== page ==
Build a Spring Boot Application in Under 5 Minutes

  • Have Eclipse Installed
  • Basic Understanding of Java, how classes work.
  • Understand what an HTTP request and response is.

Let's install Spring Tool Suite. Select help -> Install New Software. Select the latest version of Spring Tool Suite and proceed to install it.

Next create a new spring boot project. Select file -> new -> project. Enter the information shown in these screenshots.

When you get to this page, select Spring Web to include the Spring Web dependency in your pom.xml. This dependency contains the necessary code to make receiving requests from users and sending responses as easy as possible. Much of the lower-level code has been written for you, and you simply need to specify the url paths to look for, and the responses to send (ok, it can get a bit more complicated, but for this tutorial, it will be almost that easy!).

Let's take a look at which was generated automatically.


import org.springframework.boot.SpringApplication;
import org.springframework.boot.autoconfigure.SpringBootApplication;

public class SpringBootHelloWorldApplication {

	public static void main(String[] args) {, args);



If you wanted to, you could add code in the main method that would be executed when the application starts. For example, you could check environment variables and print them here.

Create a new class as shown below

As shown in code below, add the @Controller annotation, and the below method. The controller annotation tells springboot that this class will be looking for URL patterns and produce output to requests to those URL patterns.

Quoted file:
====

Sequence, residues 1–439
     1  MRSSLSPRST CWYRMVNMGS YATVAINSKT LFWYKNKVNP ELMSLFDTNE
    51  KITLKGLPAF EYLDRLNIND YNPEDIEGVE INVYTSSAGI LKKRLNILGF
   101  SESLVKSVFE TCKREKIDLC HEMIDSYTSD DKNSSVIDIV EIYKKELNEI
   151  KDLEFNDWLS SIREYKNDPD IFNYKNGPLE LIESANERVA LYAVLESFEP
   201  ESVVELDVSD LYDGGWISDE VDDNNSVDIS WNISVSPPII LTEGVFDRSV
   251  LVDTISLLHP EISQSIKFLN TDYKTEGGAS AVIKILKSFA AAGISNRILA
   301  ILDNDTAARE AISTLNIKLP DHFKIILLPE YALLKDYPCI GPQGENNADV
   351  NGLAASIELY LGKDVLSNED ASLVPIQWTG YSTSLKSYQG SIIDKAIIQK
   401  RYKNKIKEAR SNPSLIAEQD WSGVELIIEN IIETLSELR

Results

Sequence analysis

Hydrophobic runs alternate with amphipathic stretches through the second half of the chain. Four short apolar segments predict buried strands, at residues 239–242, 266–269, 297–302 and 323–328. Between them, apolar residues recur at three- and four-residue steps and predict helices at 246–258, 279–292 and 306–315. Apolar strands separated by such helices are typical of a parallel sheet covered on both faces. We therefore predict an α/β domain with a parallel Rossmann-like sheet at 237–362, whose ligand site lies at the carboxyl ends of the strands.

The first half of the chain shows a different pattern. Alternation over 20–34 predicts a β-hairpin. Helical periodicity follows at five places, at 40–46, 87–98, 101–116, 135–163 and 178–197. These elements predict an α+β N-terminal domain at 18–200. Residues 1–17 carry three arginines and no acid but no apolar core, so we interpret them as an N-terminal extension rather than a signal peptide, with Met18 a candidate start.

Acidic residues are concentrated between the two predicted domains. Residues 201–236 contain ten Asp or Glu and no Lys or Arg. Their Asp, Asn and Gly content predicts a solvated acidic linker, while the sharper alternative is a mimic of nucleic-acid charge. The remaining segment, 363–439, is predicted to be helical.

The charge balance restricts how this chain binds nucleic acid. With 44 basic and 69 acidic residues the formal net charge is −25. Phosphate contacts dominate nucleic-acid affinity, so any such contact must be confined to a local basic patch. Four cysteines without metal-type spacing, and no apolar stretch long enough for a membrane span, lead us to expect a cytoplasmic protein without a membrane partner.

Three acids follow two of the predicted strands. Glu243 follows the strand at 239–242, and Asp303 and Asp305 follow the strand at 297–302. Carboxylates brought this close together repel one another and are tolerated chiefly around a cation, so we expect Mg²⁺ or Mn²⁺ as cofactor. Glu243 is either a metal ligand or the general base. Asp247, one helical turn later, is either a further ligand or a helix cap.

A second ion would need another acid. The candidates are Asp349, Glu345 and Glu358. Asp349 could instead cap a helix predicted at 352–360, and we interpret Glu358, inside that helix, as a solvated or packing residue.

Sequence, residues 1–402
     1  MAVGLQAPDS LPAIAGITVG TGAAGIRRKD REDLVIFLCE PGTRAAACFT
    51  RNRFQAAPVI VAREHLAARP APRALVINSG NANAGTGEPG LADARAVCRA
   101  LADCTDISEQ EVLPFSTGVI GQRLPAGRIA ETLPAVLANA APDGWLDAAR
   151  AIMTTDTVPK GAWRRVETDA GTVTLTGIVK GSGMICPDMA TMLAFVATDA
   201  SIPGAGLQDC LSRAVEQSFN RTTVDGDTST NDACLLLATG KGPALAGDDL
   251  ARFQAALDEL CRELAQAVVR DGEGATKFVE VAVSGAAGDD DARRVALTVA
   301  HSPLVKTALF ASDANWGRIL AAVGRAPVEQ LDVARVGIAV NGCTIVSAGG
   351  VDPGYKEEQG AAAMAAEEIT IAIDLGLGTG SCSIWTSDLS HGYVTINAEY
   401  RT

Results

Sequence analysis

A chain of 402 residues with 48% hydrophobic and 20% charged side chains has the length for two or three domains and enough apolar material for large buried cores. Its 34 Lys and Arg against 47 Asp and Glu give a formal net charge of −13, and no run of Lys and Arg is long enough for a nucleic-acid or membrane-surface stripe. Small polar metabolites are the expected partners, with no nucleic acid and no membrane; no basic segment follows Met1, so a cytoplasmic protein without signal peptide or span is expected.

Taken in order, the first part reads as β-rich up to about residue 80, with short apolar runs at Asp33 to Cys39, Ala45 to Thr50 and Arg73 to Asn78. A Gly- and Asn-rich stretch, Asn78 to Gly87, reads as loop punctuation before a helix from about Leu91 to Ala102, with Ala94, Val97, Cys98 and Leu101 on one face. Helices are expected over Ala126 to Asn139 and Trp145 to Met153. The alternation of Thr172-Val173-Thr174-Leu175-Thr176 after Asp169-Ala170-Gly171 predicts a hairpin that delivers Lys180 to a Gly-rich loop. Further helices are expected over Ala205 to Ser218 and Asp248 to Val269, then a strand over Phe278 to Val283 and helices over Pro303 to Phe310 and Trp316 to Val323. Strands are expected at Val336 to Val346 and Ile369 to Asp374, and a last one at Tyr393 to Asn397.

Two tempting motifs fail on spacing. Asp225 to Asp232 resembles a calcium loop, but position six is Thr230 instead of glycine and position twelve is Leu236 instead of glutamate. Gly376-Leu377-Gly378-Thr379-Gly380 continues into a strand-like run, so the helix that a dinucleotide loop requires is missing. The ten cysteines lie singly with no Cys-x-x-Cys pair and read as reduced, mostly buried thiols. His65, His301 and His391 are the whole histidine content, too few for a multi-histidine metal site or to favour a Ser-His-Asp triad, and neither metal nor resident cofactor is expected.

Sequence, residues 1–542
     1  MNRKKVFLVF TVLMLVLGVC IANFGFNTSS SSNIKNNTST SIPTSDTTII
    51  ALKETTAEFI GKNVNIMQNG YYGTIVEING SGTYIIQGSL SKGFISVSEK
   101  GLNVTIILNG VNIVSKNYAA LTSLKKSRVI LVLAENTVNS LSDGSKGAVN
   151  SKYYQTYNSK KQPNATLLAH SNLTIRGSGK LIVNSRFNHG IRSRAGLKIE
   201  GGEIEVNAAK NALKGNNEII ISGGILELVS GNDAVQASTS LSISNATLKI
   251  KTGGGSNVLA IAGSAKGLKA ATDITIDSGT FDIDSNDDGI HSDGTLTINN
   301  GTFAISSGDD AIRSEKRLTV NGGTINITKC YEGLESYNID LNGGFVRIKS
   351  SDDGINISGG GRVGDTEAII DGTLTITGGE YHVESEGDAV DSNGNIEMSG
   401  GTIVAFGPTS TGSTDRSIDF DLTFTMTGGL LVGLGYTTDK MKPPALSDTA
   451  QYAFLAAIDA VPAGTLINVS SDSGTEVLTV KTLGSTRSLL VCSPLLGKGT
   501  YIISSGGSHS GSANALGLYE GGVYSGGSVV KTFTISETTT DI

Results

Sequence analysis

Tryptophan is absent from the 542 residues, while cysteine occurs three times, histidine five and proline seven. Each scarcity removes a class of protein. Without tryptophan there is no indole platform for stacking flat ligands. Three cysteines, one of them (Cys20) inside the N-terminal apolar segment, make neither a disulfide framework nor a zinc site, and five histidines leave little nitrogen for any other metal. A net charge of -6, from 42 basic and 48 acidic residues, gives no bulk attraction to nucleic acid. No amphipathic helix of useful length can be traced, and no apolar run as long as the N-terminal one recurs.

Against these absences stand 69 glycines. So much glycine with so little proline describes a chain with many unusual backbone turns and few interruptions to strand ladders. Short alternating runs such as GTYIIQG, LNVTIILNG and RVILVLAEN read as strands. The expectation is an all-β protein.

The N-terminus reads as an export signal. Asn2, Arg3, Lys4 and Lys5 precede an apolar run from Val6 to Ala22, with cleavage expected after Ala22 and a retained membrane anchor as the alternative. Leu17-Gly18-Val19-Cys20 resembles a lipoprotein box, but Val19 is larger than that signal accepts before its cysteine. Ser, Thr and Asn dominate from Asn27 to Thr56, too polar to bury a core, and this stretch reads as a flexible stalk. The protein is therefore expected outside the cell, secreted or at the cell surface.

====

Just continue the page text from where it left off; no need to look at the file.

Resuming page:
The @RequestMapping annotation tells SpringBoot a specific URL pattern to look for. And the @ResponseBody tells SpringBoot to return some literal text, rather than an html page or template. We will learn more about different ways to output responses in subsequent tutorials.


import org.springframework.stereotype.Controller;
import org.springframework.web.bind.annotation.RequestMapping;
import org.springframework.web.bind.annotation.ResponseBody;

public class MainController {

	public String aloha() {
		return "aloha";

In source/main/resources, you should see a file called We're going to add one property to it that will make your development easier. Simply add:


This is an arbitrary port number that will ensure our app does not use any ports that are already in use.

In Boot Dashoard view, right click your app, and select (Re)start. If you do not see the Boot Dashboard, open it from Window->Show View.

Visit http://localhost:8077/aloha in your browser, and you should see the text printed in your browser.

Next Lesson: Spring Boot MVC Example in Eclipse - Build a Spring Boot MVC Application in Under 10 Minutes


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